I do not have a lock from the Emigs at Cabin Creek, but I understand that they can make an exceptional lock as well.  I might order one from them to see.   :-) 

There are no doubt many veterans here who can fit, tune and polish a lock, but who do not offer that as a service unless it's going in their gun.

What I am getting at is that there is a knowledge curve in lock building/assembling/fitting.  If you find the right person with that knowledge, then it is a matter of hours.  The maker needs to be compensated.  I do not think that "cheap" and "lock" will ever be something I am interesting in combining.  Why would someone spend $3,000 or $4,000 on a rifle and buy a cheap, unreliable lock to go in it? 

I consider the barrel to be heart of a rifle, and the lock must be the brain.  I am willing to pay to have a fast, reliable working, long lived lock in my gun.   The only thing as irritating as an unreliable lock is a malfunctioning modern semi-auto (my apologies for mentioning non HC firearms). 

A man often gets what he pays for.  Doubly so for locks in my opinion.  Just my 2 cents worth. 

God Bless and best wishes,   Marc

Offline J.E. Moore

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Re: Modern flintlock anomalies
« Reply #12 on: May 23, 2019, 03:46:38 AM »
That was one thing I commented on to my friends when I received my first lock from Jim Chambers was this is one of the very few time that I get something that I DON'T see any need for polishing or some modification. That routine is something that has been common for me with about anything that I get, I always try to make things smoother or more efficient but the lock I got from him I seen nothing that could be improved. I'm more than happy with it.

Offline Scotty

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Re: Modern flintlock anomalies
« Reply #13 on: May 23, 2019, 04:18:35 AM »
Bob,
 I may have one of your locks. Did you mark or stamp them in any way?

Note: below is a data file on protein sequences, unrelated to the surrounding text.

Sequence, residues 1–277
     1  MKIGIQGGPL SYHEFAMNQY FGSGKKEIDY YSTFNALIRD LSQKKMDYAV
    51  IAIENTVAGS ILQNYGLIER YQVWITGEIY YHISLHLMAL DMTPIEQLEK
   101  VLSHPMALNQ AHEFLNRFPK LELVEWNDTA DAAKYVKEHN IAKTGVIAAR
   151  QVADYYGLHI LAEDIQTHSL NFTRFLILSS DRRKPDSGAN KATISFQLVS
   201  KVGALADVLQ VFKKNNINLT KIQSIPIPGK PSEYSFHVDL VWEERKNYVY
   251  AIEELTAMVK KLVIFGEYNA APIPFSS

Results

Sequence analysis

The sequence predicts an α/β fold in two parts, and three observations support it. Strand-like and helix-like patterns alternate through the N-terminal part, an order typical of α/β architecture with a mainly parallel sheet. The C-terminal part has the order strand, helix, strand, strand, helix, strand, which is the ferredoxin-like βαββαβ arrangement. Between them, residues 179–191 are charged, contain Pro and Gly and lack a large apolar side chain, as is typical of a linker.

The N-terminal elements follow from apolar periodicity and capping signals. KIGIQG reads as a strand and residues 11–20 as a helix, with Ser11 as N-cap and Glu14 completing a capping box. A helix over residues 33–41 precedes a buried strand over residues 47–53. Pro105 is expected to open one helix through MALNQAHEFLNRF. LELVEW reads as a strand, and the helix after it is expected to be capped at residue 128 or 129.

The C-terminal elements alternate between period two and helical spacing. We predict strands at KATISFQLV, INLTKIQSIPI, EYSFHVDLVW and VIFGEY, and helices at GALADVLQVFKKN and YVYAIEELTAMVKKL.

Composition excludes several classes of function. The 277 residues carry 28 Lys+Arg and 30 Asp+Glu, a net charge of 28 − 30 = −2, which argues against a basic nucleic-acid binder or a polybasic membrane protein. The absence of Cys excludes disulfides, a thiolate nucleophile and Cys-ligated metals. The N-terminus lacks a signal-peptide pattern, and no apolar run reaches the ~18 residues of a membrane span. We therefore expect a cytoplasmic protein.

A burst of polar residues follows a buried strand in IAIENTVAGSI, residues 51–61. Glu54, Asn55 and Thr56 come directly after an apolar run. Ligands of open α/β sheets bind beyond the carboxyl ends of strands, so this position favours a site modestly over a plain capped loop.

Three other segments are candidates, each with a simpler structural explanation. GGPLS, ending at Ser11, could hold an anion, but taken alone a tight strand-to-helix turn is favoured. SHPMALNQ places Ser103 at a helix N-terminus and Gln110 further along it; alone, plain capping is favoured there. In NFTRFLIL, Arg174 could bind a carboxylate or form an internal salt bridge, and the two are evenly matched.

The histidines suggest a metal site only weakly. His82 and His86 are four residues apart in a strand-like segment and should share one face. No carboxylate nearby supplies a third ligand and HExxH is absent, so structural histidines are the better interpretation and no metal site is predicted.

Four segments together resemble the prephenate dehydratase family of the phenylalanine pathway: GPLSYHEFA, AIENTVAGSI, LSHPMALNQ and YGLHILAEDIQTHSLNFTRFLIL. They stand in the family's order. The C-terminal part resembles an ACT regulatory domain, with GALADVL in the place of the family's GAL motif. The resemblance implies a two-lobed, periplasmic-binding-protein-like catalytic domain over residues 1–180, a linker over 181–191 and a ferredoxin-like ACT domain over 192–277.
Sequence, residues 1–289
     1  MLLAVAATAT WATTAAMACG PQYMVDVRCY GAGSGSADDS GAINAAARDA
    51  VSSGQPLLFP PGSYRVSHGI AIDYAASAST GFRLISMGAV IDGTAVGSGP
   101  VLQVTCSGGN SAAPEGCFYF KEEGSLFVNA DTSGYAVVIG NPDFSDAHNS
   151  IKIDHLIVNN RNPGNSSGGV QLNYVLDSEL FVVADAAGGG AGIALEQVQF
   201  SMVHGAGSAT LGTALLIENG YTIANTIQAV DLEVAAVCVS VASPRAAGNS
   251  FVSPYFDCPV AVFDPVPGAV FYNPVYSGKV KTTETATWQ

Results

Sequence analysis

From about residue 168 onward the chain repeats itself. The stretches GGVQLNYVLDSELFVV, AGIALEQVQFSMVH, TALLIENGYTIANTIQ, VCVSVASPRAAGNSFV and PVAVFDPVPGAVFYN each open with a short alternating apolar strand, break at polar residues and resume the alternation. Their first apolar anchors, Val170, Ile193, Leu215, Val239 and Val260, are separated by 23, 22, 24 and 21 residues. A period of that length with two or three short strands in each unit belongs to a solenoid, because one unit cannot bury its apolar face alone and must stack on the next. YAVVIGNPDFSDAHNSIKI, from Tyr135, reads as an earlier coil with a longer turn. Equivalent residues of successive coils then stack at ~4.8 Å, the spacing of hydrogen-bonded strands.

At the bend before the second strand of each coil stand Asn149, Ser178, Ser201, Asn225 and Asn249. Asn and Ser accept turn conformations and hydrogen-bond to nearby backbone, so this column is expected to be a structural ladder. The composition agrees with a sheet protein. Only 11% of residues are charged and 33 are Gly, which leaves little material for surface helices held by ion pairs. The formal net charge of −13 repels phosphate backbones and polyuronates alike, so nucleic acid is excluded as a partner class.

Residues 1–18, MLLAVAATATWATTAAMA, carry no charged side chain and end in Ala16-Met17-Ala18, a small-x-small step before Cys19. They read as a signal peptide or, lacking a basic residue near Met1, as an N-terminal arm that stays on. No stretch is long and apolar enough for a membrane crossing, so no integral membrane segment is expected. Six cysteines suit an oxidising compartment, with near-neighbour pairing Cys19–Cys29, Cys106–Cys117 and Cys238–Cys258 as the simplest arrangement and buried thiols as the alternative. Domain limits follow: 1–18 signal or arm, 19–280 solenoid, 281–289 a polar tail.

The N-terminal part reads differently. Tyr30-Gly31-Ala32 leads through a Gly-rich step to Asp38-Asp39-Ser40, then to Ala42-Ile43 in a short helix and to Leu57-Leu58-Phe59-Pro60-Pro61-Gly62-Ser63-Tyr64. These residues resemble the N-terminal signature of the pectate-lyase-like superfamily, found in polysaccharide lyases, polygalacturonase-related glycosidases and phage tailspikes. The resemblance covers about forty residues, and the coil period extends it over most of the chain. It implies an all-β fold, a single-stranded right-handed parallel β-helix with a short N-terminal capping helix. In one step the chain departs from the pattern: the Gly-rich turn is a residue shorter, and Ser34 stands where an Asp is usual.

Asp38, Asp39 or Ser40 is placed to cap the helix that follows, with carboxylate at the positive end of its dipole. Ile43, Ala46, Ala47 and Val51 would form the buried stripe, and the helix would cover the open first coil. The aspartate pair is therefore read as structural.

Offline Smokey Plainsman

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Re: Modern flintlock anomalies
« Reply #14 on: May 23, 2019, 04:23:43 AM »
Getting a Chambers Late Ketland installed on my custom rifle being built for me as we speak. Iím praying it works well without something wrong with it...

Offline R.J.Bruce

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Re: Modern flintlock anomalies
« Reply #15 on: May 23, 2019, 04:25:17 AM »
When I purchased my first muzzleloader in 1971 at the age of 17 for $300.00 from Golden Age Arms Company it had a 13/16" straight octagon .45 caliber Douglas barrel. Since I had chosen a Lancaster style rifle, it came with a Siler flintlock that was actuated by a single trigger.

I do not recall there being much, if any, choice in the components that the rifle came with, other than caliber. I do remember being thrilled that the brass patchbox was fully engraved, something I was not expecting for the price of the rifle. I suppose the builder felt sorry for a kid that had spent 8 months, or so, sending money on a lay-a-way every week from his minimum wage after school job.

The only thing I was sure of was that it had to be a flintlock, because that was what all the heroes in the books, as well as the actors on television were using.

I knew diddly squat about muzzleloading, other than it appealed to my sense of history, and my general interests in firearms.

I had zero issues with that lock. It was reliable, and sparked every time I pulled the trigger, even considering the expensive, German, sawn agate flints that I was using.

It never occurred to me that the components would not function flawlessly. I guess I was just a naive teenager, taking things for granted.

I am not trying to knock any manufacturers locks, I just found the comments here lately to be interesting.

R.J.Bruce
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Offline Mike Brooks

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Re: Modern flintlock anomalies
« Reply #16 on: May 23, 2019, 03:25:07 PM »
Quote
Multiple posts and threads of late seem to be addressing a recurring problem with the currently available flintlocks.

Locks from Jim Chambers seem to be better than most others, but if the comments from the builders here at ALR are to be believed, even Chambers locks have their problems.

Many builders talk of having to disassemble a lock, and partially-to-totally rework, reshape, and rebuild a lock in order to get it to function correctly. Not to look the way that they want it to, just to get it to work properly.
I haven't read any of the reoccurring lock problem threads. I have had 0 problems with Chamber's locks. I use them as they come from him, no tweaking or adjustments required. There are several locks from RE Davis I use with no problems. Larry Zornes has two models i use and they are problem free.